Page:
Included in that task force are Patrick, Bonnen, Attorney General Ken Paxton, Comptroller Glenn Hegar, DSHS Commissioner John Hellerstedt, former FDA Commissioner Mark McClellan, former State Senator Kirk Watson, and others.
Abbott then announced a rough timeline of actions and important dates. At first, a limited number of businesses will be allowed to reopen. Then, on April 27 he plans to announce expansions of that, with more to come in May.
On April 24, however, all retailers will be permitted to operate to-go services provided they adhere to social distancing protocols. Customers will not be able to go into the store, but will be permitted to order online or over the phone and pick up at the store or have the products delivered.
Effective on April 22, restrictions on “non-essential” surgeries will be loosened to allow things such as “diagnostic cancer tests.” Abortions are not included in that expansion, the governor stated. But he added that “question will ultimately be decided in the courts.”
Additionally, state parks will reopen on April 20 and visitors must wear masks and maintain proper social distancing. Individuals are prohibited from congregating in groups larger than five.
Public and private schools, including all higher education institutions, will remain closed for the remainder of the 2019-2020 school year.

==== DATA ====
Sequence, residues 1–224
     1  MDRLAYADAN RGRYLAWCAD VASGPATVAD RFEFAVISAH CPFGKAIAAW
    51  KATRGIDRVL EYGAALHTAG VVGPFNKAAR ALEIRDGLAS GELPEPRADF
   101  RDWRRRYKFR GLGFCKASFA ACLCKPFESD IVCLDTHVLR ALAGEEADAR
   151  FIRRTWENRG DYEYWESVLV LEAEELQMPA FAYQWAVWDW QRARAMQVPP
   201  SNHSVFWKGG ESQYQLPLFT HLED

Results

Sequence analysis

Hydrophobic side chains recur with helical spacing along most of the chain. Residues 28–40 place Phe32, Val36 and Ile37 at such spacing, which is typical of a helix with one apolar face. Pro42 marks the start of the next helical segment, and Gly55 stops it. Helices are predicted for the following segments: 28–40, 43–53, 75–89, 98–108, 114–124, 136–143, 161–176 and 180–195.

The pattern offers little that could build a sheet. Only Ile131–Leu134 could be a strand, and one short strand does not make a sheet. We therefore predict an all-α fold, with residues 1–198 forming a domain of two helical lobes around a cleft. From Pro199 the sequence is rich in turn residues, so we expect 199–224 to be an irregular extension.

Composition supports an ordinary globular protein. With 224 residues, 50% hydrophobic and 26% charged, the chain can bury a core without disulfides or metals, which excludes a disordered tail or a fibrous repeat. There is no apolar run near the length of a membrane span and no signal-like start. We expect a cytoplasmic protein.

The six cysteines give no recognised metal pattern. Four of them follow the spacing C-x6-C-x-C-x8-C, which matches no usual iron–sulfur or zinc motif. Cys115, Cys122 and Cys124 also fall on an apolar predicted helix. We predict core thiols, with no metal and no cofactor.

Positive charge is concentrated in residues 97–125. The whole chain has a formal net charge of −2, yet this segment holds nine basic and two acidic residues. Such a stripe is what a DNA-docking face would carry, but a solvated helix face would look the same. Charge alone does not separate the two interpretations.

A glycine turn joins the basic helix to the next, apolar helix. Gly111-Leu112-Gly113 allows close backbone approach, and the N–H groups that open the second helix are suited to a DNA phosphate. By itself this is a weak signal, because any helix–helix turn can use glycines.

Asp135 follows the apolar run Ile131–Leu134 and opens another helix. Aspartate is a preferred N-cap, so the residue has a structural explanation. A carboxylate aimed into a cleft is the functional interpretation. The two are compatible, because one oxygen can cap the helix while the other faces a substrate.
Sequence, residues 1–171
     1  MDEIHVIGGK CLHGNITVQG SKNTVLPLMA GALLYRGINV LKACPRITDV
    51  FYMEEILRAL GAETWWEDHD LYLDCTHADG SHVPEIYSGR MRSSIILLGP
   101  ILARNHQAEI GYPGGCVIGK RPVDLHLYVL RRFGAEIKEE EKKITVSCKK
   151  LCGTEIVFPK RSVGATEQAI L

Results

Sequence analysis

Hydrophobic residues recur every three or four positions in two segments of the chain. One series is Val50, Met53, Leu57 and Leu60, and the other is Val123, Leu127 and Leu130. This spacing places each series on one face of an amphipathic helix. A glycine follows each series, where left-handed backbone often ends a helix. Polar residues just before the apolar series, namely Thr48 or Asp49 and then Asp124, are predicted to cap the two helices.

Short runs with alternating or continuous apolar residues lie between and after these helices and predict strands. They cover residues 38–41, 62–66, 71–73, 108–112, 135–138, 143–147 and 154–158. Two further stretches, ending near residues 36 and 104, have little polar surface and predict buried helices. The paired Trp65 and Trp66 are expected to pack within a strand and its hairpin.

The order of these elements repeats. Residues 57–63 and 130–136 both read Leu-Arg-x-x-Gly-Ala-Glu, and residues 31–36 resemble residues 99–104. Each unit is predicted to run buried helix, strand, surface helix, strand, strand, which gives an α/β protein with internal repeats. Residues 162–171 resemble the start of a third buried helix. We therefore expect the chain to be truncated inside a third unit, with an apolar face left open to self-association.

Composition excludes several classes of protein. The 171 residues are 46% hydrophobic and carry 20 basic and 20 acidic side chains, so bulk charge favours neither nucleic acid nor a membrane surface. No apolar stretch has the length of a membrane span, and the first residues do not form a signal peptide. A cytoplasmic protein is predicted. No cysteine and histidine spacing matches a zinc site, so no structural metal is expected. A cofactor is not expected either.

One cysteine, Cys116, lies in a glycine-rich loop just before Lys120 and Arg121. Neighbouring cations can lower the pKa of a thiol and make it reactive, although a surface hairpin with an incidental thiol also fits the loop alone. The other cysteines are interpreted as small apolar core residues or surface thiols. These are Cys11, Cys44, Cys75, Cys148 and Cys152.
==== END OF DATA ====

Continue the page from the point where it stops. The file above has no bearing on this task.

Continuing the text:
These provisions are, according to the governor, exceptions to his stay-at-home order which runs through April 30. At that point, Abbott will determine whether to extend that order or not.
“These re-openings must occur in stages,” Abbott stated.
He further said, “The decision to reopen business will be based on two things: the task force’s recommendations and the data.”
Abbott added that the Texas Workforce Commission has fulfilled over one million unemployment claims, distributing over $500 million in benefits.
According to the DSHS, Texas has conducted nearly 170,000 tests. Of those, 17,371 have tested positive — from which 428 have died and 4,190 have recovered.
Thus far, 1,522 have been hospitalized due to COVID-19-related complications.
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Brad Johnson is a senior reporter for The Texan and an Ohio native who graduated from the University of Cincinnati in 2017. He is an avid sports fan who most enjoys watching his favorite teams continue their title drought throughout his cognizant lifetime. In his free time, you may find Brad quoting Monty Python productions and trying to calculate the airspeed velocity of an unladen swallow.